Hitchcock-a-thon: Psycho (1960)

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In many ways Psycho is a victim of its own success. As Hitchcock’s most well-known film, many of the iconic scenes, lines or plot twists are often familiar to modern moviegoers through parody and reference long before they see the film. The shock felt by original audiences has been softened by general pop culture awareness.

But those who know some of Psycho’s more famous moments, but have never got around to watching it, are missing out. It’s Hitchcock’s most famous film for a simple reason. It’s his best. And it remains the greatest horror/thriller ever made. But if there is anyone reading this who’s still totally in the dark about the plot details, don’t worry. I won’t spoil anything.

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After stealing $40,000 from a client, secretary Marion Crane (Janet Leigh) skips town and heads across country to join her lover, Sam (John Gavin). She begins to panic about her decision and stops off at a lonely motel for the night, owned by the awkward and shy proprietor Norman Bates (Anthony Perkins). Back home, Marion’s sister Lila (Vera Miles) becomes concerned and teams up with Sam and a private detective (Martin Balsam) to get to the bottom of Marion’s disappearance. But the truth behind the Bates Motel proves to be worse than they could have ever imagined.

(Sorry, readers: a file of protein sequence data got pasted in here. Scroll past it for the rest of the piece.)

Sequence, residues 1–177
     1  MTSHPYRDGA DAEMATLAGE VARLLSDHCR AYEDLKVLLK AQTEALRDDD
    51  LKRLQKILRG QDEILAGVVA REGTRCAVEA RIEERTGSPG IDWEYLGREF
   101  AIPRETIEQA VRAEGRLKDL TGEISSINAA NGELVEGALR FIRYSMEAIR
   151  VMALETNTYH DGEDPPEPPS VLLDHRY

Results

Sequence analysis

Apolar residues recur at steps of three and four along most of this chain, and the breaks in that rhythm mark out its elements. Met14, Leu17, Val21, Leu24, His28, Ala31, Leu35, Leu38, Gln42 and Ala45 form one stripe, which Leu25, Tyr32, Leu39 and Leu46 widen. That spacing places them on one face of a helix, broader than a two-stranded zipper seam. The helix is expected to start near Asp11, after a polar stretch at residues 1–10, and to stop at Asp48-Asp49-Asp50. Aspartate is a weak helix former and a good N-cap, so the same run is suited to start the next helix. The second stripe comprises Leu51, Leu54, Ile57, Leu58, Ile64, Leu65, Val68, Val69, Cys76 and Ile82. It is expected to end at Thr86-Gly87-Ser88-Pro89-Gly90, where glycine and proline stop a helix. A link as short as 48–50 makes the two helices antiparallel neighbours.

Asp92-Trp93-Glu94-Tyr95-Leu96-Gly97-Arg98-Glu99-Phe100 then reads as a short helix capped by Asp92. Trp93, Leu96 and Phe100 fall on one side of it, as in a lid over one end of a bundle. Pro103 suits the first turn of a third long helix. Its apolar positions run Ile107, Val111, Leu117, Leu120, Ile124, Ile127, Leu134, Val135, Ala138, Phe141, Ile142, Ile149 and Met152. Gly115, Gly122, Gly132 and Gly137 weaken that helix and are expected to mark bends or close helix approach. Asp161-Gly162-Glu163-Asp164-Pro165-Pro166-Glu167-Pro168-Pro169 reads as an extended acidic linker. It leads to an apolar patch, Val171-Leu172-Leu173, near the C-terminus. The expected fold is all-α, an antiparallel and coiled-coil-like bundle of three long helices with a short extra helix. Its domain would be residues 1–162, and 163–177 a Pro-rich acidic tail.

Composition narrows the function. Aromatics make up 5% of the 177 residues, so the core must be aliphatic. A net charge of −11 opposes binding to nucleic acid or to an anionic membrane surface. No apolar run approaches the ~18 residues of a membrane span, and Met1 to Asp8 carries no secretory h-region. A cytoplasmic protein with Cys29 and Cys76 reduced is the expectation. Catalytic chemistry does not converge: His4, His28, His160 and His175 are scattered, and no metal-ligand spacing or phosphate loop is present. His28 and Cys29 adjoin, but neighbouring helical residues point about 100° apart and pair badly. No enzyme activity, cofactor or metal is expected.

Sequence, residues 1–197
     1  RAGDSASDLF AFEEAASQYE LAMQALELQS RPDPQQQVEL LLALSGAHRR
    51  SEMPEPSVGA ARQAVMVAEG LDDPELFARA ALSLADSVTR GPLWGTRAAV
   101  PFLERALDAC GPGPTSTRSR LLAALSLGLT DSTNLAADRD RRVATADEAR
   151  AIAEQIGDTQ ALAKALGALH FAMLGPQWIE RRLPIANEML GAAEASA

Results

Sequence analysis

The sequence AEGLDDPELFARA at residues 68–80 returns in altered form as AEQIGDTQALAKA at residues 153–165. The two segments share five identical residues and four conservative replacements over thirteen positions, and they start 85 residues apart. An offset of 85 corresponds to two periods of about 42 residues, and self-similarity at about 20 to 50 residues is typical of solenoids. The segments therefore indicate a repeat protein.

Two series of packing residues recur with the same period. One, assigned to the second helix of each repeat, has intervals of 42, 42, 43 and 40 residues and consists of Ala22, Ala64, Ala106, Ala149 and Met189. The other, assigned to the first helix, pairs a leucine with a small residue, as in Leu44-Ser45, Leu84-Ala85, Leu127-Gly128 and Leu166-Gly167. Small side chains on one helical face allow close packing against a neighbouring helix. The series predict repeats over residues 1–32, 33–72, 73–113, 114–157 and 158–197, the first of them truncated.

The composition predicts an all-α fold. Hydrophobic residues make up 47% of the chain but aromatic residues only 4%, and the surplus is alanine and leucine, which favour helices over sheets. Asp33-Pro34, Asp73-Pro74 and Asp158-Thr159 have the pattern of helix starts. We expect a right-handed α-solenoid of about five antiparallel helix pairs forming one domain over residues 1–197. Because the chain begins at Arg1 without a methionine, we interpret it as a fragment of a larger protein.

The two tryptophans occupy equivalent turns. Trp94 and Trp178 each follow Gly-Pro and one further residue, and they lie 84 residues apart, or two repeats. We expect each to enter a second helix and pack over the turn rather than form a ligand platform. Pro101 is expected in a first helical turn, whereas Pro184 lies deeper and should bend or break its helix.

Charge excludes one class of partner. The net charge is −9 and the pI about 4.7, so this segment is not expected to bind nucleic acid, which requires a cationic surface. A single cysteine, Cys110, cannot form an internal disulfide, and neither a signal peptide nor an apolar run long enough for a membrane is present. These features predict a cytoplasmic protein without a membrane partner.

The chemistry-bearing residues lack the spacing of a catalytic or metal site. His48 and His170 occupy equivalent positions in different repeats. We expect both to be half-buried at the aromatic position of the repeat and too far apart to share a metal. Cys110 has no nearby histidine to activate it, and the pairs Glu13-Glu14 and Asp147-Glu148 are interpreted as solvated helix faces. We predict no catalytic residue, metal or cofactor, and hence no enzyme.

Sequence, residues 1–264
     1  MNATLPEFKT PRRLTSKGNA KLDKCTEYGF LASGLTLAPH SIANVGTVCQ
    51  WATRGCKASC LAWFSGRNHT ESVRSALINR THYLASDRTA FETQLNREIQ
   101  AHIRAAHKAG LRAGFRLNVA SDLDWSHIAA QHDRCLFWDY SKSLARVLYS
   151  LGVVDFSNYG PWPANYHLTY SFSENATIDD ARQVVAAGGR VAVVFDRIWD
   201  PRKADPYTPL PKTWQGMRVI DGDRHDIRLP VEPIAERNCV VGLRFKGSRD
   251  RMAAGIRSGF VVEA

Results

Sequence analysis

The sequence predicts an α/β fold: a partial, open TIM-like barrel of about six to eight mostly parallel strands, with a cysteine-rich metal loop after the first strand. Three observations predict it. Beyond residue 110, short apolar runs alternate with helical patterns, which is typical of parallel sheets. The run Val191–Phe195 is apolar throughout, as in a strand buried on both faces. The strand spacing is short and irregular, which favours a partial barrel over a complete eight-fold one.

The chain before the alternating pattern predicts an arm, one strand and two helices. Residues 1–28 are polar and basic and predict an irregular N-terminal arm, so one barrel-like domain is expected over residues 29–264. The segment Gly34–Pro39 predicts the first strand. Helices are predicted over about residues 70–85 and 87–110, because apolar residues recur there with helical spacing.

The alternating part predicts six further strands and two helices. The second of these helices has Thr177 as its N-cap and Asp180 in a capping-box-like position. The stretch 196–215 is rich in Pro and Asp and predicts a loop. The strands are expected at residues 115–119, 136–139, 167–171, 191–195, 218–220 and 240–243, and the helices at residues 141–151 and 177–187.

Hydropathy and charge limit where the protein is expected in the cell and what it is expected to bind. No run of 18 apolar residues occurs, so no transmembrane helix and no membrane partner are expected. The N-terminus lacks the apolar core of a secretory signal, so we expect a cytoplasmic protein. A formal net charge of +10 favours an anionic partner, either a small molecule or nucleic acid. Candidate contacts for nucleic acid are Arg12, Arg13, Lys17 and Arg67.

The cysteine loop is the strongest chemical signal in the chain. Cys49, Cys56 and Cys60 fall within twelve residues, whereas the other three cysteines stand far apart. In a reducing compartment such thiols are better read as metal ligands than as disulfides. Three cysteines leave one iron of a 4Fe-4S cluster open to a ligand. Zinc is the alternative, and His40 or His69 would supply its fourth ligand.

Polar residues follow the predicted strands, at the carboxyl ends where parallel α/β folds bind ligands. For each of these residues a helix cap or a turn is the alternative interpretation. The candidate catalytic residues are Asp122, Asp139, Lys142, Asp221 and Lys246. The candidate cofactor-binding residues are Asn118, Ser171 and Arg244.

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Psycho is perhaps the most skilful example of directorial control over the audience. Hitchcock perfectly balances how much he shows with how much he leaves to your imagination, both in terms of visual depiction of the horror and in terms of plot revelations. The astounding delicacy of the film’s delivery means that even though Hitch misdirects the audience, you never feel cheated for being misled.

The rising tension in film’s first act is aided by career-topping performances from star Janet Leigh and composer Bernard Herrmann, whose slicing violins make the heart race each time you hear them.

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And then there’s Anthony Perkins. It is perhaps sad that his career never escaped the shadow of Norman, but when his performance towers this high it’s not hard to understand why that is. From the way he clenches his jaw to his nervous stutter and crooked smile, he’s a wonderfully subtle blend of creepy and charming.

Psycho is the kind of masterpiece that reminds you why it’s brilliant each time you watch it.

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3 thoughts on “Hitchcock-a-thon: Psycho (1960)

  1. Pingback: Hitchcock-a-thon: The Birds (1963) | Folding Seats

  2. Pingback: Hitchcock-a-thon: Frenzy (1972) | Folding Seats

  3. Pingback: Hitchcock-a-thon: Final thoughts | Folding Seats

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